What can be done?

Given the potential for our clients to very easily become the victims of the sort of behaviour described above, there are some really basic safety and security issues that we should all be aware of in order to better safeguard them. Although these are particularly useful in separation and divorce, they are also the sort of things we all need to educate ourselves on as our lives become ever more entwined with technology.

Tell your client to log out of everything as soon as their separation becomes permanent

Get them to create new passwords and secret questions, and ask them to consider whether they need to create a new email account.

Probably the most common complaint that we have all received is about an ex-partner looking through a client’s emails or text messages. Given that most families will share a laptop or tablet, this can be an innocent mistake: a child’s time on a tablet is being supervised and a message pops up meant for the other parent because it is their account that is logged into that device.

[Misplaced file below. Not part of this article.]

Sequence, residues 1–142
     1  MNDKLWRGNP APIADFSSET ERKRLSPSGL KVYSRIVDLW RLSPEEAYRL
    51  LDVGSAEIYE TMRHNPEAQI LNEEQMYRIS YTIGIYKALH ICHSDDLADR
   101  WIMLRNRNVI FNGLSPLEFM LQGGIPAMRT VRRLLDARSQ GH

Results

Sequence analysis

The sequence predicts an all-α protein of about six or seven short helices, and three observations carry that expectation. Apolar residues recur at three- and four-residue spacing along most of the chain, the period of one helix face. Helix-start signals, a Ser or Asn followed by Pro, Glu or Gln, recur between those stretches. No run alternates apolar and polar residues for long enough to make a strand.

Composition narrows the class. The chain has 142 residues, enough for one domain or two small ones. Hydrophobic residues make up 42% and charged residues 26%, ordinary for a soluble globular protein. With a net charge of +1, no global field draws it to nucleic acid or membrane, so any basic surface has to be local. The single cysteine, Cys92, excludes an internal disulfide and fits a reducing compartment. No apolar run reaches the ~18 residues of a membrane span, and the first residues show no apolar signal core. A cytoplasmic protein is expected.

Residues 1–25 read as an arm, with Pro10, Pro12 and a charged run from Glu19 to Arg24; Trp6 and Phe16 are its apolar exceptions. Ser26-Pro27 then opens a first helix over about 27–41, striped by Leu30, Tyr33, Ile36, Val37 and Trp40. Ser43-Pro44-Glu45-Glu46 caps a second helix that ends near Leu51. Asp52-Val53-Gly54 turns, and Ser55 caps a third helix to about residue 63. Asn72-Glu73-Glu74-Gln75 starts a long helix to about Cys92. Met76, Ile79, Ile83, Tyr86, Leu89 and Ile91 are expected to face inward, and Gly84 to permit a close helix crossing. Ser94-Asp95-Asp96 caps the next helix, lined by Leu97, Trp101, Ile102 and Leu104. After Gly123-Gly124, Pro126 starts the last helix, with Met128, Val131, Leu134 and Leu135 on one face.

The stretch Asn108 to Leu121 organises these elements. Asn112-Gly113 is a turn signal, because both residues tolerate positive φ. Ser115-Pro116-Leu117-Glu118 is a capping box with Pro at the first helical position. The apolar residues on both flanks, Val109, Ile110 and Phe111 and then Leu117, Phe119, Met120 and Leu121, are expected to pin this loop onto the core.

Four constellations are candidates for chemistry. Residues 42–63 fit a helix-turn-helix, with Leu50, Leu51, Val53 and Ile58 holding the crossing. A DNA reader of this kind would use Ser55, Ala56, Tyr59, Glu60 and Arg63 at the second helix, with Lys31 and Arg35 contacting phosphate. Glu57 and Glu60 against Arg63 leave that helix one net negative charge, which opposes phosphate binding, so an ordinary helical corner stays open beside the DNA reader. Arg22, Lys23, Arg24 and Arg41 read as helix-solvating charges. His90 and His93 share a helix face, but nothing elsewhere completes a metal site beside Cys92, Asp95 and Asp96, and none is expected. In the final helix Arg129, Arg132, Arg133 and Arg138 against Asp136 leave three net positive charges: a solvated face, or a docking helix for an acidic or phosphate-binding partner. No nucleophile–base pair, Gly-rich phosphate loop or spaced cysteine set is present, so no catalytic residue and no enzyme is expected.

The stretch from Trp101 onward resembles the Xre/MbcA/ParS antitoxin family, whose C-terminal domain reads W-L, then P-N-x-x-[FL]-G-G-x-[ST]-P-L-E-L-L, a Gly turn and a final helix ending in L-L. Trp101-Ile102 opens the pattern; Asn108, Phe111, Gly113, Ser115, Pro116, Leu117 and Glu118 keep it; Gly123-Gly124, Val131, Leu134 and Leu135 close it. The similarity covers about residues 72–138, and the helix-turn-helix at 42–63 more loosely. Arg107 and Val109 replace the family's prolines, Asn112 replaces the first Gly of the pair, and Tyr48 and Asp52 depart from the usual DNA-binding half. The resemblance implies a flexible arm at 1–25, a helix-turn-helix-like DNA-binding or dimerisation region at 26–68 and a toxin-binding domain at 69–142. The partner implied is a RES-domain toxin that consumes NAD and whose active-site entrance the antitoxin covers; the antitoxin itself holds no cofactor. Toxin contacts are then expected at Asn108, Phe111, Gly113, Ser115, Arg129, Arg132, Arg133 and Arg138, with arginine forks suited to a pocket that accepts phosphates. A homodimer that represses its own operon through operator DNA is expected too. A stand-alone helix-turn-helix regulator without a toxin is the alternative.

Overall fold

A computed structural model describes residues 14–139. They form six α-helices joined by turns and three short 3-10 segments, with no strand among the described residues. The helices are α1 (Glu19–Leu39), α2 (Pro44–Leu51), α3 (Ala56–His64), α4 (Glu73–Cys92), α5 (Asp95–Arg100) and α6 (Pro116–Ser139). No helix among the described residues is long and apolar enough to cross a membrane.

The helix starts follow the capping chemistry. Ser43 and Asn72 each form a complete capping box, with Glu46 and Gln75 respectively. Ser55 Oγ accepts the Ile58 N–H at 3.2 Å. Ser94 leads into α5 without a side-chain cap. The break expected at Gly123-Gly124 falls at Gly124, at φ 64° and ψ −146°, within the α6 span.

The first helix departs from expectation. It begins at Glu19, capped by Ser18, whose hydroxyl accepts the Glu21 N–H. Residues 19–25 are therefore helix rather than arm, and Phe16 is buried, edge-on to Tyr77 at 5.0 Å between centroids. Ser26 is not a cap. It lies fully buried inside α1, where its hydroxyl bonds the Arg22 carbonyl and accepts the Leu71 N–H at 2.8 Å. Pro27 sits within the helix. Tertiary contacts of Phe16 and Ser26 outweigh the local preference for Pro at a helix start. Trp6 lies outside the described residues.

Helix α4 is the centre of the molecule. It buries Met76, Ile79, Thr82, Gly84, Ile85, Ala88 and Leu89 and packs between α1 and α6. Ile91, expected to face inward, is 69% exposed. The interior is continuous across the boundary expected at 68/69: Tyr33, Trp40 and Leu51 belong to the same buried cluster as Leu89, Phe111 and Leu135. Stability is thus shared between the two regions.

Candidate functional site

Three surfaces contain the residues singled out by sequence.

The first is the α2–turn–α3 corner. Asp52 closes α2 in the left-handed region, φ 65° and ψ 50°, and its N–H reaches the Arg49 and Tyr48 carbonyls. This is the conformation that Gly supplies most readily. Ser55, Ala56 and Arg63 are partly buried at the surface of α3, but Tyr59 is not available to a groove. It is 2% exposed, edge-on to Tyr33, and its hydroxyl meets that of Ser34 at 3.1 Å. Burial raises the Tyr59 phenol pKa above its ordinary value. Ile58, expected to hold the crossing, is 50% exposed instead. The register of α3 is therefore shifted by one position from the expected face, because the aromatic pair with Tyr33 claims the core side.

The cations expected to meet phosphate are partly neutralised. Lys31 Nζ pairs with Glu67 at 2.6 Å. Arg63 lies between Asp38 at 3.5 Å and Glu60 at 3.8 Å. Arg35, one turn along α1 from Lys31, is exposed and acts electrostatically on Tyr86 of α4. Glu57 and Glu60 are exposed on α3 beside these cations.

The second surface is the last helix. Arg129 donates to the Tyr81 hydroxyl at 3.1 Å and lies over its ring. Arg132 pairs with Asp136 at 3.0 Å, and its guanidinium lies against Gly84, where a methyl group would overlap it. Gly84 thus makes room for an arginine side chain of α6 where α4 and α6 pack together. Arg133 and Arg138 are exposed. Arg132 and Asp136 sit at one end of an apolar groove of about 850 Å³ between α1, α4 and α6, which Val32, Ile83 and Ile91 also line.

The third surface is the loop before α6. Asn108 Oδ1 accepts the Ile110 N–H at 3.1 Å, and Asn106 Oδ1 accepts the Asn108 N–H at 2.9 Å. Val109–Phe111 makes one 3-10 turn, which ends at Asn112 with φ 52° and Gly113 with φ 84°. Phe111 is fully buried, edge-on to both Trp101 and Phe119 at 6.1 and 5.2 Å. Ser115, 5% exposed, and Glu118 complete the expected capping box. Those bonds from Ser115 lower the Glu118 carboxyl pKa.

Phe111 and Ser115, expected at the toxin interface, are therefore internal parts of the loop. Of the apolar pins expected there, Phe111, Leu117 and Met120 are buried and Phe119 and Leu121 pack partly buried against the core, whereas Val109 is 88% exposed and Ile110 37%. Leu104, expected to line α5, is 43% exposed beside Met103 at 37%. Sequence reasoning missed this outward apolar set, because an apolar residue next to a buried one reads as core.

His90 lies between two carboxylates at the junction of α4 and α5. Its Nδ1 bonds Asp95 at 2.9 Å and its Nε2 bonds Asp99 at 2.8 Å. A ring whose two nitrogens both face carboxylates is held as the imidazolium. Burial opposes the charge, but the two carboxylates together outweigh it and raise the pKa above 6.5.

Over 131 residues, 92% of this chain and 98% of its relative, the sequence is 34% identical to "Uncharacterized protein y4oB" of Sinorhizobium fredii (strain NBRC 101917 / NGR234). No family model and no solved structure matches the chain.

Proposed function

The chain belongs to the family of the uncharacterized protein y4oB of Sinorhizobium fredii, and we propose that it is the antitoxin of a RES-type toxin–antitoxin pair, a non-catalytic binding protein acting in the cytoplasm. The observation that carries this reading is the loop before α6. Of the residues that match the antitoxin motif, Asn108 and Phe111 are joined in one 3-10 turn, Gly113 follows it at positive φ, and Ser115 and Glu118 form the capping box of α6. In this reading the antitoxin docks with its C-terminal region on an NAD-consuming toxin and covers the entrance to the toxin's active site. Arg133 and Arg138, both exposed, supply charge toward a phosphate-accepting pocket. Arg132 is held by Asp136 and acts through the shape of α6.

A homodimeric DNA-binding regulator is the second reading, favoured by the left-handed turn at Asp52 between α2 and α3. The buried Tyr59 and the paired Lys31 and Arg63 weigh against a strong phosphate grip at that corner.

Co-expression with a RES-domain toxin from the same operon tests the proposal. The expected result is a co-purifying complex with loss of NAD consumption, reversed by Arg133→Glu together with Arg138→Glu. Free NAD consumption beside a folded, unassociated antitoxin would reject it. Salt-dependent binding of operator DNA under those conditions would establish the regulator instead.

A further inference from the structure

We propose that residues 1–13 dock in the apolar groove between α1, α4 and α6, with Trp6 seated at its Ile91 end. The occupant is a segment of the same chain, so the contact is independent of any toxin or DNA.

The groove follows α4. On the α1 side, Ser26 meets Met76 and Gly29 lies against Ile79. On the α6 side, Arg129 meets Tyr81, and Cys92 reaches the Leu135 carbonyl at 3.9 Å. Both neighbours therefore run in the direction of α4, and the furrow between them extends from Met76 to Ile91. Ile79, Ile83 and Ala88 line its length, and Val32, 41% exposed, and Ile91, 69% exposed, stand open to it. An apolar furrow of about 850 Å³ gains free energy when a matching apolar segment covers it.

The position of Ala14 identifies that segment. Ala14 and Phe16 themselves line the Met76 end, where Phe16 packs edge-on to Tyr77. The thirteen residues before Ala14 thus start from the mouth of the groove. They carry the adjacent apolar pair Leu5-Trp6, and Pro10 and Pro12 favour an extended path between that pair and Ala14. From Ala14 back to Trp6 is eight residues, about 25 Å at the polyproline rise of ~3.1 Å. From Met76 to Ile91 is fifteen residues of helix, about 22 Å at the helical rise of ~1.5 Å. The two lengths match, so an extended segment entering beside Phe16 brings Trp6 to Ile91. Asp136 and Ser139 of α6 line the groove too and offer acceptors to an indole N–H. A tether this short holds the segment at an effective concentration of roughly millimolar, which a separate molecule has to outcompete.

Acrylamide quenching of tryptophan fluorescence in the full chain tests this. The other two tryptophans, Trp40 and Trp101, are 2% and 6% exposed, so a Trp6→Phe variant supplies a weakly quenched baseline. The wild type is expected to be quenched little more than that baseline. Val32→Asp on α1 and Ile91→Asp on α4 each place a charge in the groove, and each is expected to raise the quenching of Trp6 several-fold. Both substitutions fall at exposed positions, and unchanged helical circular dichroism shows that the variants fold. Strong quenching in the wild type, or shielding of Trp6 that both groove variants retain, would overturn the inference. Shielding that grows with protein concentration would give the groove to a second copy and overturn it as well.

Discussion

It is essential that, once a separation has taken place, clients log out of everything and change their passwords to something that their ex-partner will not guess. Changing security questions as well will mean that it is less likely that the ex-partner will be able to regain access to that account.

Ensure your clients are aware of devices that could be used to track them

Ask your client to consider all of the following potentially internet-enabled devices: car; doorbell; watch; phone; TV; gaming console; baby monitor; smart home device. Explain to them that all of these devices could be used to monitor and record them. Cars, watches and phones in particular can be used to track movements, and baby monitors can be turned on remotely to monitor what is going on inside the home.

We all need to be smart about what smart technology we have and how to best manage it. Those features that can monitor or record can be disabled and prevented from being reactivated – we just need to know how.

Advise caution with social media